Dr. Nicole Wagner, Farmington, CT, is recognized for her exceptional leadership, creativity in expanding the boundaries of space-based research, and generous support for young women in aerospace.
Dr. Nicole Wagner serves as the President and CEO of LambdaVision, Inc., a company based out of the University of Connecticut that is developing a protein-based artificial retina to restore vision for the millions of patients that are blinded by retinal degenerative diseases, including retinitis pigmentosa (RP) and age-related macular degeneration (AMD). LambdaVision’s patent-protected artificial retina technology uses photoactive proteins to naturally mimic the light-absorbing properties of human photoreceptor cells and activate neuroreceptors still present in the degenerated retinas of blind patients. Since the company’s incorporation in 2009, Dr. Wagner has been the driving force behind their commercialization efforts, leading complex experiments that have demonstrated both safety and efficacy of the protein-based artificial retina in animal models.
How does this relate to aerospace? During the summer of 2016, Dr. Wagner’s efforts in fundraising resulted in LambdaVision’s selection as a finalist in the MassChallenge program, and a winner of the CASIS/Boeing prize. With this award came funding and the infrastructure to perform manufacturing experiments aboard the International Space Station. In 2018, those experiments were realized when LambdaVision explored the use of a microgravity environment to improve the layer-by-layer manufacturing process that is used to manufacture the artificial retina. This research effort led to Dr. Wagner being awarded the International Space Station Research Award for Biology and Medicine. LambdaVision, along with its partner, Space Tango, was then awarded a NASA Phase II SBIR and a NASA Commercialization Grant in order to further develop the artificial retina technology and establish manufacturing protocols necessary for first-in-human trials. If successful, LambdaVision’s technology will be the first implantable technology produced on the ISS with direct clinical benefit.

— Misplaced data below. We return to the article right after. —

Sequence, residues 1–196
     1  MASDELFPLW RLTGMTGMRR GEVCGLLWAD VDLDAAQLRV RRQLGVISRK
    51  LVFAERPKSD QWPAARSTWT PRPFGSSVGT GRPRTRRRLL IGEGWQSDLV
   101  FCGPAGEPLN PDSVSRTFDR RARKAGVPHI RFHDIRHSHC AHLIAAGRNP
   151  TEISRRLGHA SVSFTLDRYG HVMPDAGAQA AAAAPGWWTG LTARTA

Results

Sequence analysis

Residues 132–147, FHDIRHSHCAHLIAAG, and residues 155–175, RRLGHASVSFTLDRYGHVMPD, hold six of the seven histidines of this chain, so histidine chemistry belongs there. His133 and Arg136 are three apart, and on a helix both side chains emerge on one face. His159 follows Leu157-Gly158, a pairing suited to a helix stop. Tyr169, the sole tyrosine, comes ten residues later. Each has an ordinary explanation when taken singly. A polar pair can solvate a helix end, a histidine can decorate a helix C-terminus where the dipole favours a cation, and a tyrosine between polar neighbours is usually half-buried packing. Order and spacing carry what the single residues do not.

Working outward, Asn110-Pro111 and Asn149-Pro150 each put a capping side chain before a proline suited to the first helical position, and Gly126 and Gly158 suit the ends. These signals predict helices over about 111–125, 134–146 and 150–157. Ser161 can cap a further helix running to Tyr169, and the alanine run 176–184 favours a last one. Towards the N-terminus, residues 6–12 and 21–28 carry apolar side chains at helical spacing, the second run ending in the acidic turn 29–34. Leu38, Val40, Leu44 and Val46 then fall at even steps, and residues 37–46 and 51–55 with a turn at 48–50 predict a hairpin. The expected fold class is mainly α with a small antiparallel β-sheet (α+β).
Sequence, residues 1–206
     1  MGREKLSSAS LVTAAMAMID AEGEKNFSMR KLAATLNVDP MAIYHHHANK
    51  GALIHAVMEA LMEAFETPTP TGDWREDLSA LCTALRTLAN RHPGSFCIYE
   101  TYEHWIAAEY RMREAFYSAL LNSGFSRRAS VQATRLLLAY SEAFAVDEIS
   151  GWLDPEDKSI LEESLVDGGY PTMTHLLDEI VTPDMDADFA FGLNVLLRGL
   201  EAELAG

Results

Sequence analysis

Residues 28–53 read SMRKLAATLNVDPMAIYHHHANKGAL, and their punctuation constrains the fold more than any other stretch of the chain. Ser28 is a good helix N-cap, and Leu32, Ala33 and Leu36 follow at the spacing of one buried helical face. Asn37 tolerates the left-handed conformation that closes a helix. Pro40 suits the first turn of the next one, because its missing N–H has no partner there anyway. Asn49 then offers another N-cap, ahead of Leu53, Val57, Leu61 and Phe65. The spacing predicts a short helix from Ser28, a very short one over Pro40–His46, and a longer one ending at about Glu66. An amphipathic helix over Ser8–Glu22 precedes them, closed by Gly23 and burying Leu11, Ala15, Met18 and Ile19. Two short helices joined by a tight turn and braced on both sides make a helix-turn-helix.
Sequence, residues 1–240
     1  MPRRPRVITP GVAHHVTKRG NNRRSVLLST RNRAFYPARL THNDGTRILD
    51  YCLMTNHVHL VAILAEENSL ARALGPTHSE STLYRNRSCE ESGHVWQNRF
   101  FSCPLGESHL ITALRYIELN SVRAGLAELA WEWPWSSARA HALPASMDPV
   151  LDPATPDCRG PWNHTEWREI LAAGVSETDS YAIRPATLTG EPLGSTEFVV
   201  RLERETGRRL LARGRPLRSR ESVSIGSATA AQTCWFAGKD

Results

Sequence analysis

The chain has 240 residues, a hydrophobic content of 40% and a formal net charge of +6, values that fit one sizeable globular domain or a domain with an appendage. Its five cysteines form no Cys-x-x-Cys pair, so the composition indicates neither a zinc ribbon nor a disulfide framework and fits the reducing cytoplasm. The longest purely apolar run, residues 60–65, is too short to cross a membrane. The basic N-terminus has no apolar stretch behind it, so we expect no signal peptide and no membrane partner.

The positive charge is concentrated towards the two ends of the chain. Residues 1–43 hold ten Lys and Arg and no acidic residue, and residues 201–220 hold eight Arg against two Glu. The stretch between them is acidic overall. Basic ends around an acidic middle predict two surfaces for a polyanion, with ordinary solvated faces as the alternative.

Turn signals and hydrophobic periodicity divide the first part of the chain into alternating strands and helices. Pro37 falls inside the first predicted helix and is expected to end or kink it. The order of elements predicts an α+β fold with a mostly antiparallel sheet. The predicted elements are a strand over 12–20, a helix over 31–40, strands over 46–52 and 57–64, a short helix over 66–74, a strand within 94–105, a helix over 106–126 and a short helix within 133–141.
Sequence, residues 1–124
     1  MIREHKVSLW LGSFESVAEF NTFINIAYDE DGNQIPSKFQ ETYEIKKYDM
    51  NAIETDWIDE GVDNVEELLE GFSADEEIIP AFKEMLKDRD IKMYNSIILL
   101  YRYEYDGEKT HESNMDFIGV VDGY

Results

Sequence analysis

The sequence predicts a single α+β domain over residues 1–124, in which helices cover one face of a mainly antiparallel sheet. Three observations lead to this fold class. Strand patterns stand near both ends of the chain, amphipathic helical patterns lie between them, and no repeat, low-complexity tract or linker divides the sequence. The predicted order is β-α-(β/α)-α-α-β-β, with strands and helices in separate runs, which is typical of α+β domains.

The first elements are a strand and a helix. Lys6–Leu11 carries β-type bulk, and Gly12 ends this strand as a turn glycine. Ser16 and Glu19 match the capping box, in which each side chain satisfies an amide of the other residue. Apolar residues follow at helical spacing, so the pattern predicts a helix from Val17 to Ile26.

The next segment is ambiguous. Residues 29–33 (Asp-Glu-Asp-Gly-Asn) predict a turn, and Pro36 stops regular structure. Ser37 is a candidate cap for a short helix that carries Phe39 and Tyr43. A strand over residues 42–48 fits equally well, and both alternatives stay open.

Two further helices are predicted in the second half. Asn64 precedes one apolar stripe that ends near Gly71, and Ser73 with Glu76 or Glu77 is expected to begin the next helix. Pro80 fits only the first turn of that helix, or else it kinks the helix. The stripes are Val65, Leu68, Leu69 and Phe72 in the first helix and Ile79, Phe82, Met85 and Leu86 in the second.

Additionally, Dr. Wagner generously dedicates her time towards mentorship and developing programs and support for young women that are pursuing careers in the sciences and aerospace. Dr. Wagner serves as a Co-Chair on the Board of Directors of New England Women in Science Executives (NEWISE), and has always been active in engaging with young researchers interested in a career in science. She also participated as a mentor in the Association of Women in Science mentorship program and has continued to help other entrepreneurs through the Accelerator for Biosciences in Connecticut (ABCT), as well as the Connecticut Center for Entrepreneurship and Innovation (CCEI) program. Dr. Wagner is a leader in the UConn Technology Incubation Program, where she devotes her time to helping colleagues and aspiring science-oriented entrepreneurs develop business strategies and scientific milestones. Lastly, Dr. Wagner is an advocate for the MassChallenge CASIS/Boeing Prize, and encourages other companies to apply for the program and develop relationships with the aerospace community to help propel their research forward.
Women in Aerospace could not be more pleased to acknowledge Dr. Nicole Wagner as the 2020 Outstanding Achievement Award recipient.